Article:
Lars Frederiksen and the Bastards – [Self-Titled]

lars frederiksen and the bastards - selftitled

There’s a lot to love about punk music, one of those things is how often it’s unexpectedly introspective, thought-provoking, or even melodic at times. Lars Frederiksen, Rancid guitarist and producer, began the band as an outlet for songs he had written about his youth and the streets, in just two albums he had said all he meant to and bailed on the Bastards. The album is simple, the lyrics are accessible, the structures aren’t doing any experimenting – but there’s nothing wrong with that when you’re this good at the basics. The Billy Bragg cover To Have and To Have Not really captures the essence of Lars Frederiksen and the Bastards, by turning the volume up on the guitar and adding bass to the original, Lars really emphasizes the chorus “just because you’re better than me doesn’t mean I’m lazy. Just because you’re going forward doesn’t mean I’m going backwards.” Army of Zombies is catchy pop-punk, the chorus “it’s you, it’s me, against an army of zombies” was made for crowds to sing along with, it gets stuck in your head and the outro is crafted well, I’m surprised I haven’t seen (or at least noticed) this in a movie yet. Wine and Roses starts with a guitar riff and jumps right into the chorus, the lyrics themselves are surprisingly insightful: “cocaine epidemic and steel vultures inside a fire that is a cleanin’ super power contenders, no one is daring one super power left, psychotic killer world wide assault yeah it’s a thriller. You don’t want to be the one who’s got to go to jail if you’re lucky IMF will hook you up and you’ll make bail.” Anti-Social is a more personal reflection, Lars sings “hellion what I’ve become, invade your lives with evil and murder,” commenting on the perception of the music scene he’s been a part of for the last thirty or so years, I’m glad he’s unapologetic as well: “I’ll greet you with fire and blasphemy.” Subterranean stays personal, it’s a walk down memory lane for Lars, who stops to think about his friends and dedicate this song to his crew, the Skunx. It’s a second shy of being the longest song on the album, and it’s easy to tell this one was personal to Lars as he’s made songs for and about the Skunx a few times, there’s an almost progressive structure that doesn’t really take off to this song, but it fits the theme of a reminiscence. Vietnam is a powerhouse to close the album on, singing about a vet returned from ‘nam, he offers a perspective that’s been somewhat lost to a generation not only desensitized to war and it’s lingering effects, but almost completely ignorant of it: “nightmares of jungles and M16s, hippies give me shit in my army greens.” By focusing on the man instead of the war or the military, Lars creates a veteran that’s accessible and human, and that’s to say nothing of the music: guitar riffs, a bass line, and quick-paced punk drums balance each other out giving this one pretty solid replay value. There’s a mood to this album that’s hard to explain, it’s the person Lars Frederiksen, he’s present in all these songs and they all feel personal, which is what he set out to do, even the cover art (photo shot by Brody Dalle of the Distillers) is simply a picture of Lars Frederiksen. Let no one call him lazy, this album is destined to live on in future covers by new punk artists, hopefully they do it some justice.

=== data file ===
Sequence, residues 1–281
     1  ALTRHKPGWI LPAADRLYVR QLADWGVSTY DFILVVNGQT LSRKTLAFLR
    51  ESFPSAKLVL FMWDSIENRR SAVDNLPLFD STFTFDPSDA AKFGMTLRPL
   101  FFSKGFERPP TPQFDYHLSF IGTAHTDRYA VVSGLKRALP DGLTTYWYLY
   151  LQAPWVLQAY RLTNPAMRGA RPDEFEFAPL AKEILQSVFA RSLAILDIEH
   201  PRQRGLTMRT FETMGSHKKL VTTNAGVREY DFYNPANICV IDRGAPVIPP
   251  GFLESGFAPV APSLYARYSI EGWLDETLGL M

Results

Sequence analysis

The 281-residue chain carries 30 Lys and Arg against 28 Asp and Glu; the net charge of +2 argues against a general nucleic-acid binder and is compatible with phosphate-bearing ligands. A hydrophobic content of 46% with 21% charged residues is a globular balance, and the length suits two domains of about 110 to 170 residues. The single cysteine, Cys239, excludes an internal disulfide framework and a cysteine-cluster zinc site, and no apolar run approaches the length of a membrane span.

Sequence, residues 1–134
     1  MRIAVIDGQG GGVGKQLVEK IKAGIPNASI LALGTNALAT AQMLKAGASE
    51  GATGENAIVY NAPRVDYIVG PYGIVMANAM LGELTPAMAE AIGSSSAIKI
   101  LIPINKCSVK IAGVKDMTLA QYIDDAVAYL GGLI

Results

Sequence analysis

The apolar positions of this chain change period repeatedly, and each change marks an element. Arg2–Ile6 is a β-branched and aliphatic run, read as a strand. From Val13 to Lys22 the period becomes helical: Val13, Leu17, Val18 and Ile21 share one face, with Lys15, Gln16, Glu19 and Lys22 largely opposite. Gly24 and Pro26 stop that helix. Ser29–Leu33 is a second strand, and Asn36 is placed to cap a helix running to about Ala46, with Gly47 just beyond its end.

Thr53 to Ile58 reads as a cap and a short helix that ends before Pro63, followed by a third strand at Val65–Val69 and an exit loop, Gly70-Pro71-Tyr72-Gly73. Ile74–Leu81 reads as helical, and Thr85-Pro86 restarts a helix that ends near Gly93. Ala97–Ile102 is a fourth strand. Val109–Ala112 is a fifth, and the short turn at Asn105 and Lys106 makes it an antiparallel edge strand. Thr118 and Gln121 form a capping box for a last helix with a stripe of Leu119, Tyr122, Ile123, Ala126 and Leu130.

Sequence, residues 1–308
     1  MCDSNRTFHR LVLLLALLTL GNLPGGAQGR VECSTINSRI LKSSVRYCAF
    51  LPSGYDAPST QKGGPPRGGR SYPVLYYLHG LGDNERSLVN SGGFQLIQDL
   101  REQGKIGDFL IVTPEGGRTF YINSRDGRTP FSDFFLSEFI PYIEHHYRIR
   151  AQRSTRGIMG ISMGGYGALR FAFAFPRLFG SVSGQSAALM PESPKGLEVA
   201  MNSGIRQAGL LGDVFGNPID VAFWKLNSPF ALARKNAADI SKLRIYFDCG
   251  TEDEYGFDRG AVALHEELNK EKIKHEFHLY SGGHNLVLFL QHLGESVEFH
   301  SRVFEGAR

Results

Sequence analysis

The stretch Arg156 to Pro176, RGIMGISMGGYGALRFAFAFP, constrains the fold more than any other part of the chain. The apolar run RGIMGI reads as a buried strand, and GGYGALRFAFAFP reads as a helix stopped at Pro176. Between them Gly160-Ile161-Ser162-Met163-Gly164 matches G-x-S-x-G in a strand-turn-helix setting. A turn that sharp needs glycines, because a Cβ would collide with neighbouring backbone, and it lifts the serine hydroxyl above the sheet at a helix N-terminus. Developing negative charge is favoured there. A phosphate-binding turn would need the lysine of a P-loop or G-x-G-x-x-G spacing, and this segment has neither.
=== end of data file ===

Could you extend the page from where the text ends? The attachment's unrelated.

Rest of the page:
2001 / 34:15

Replay: Yes.

Added to Playlist:
To Have and To Have Not: Rock
Army of Zombies: High Times
Wine and Roses: Rock
Vietnam: Rock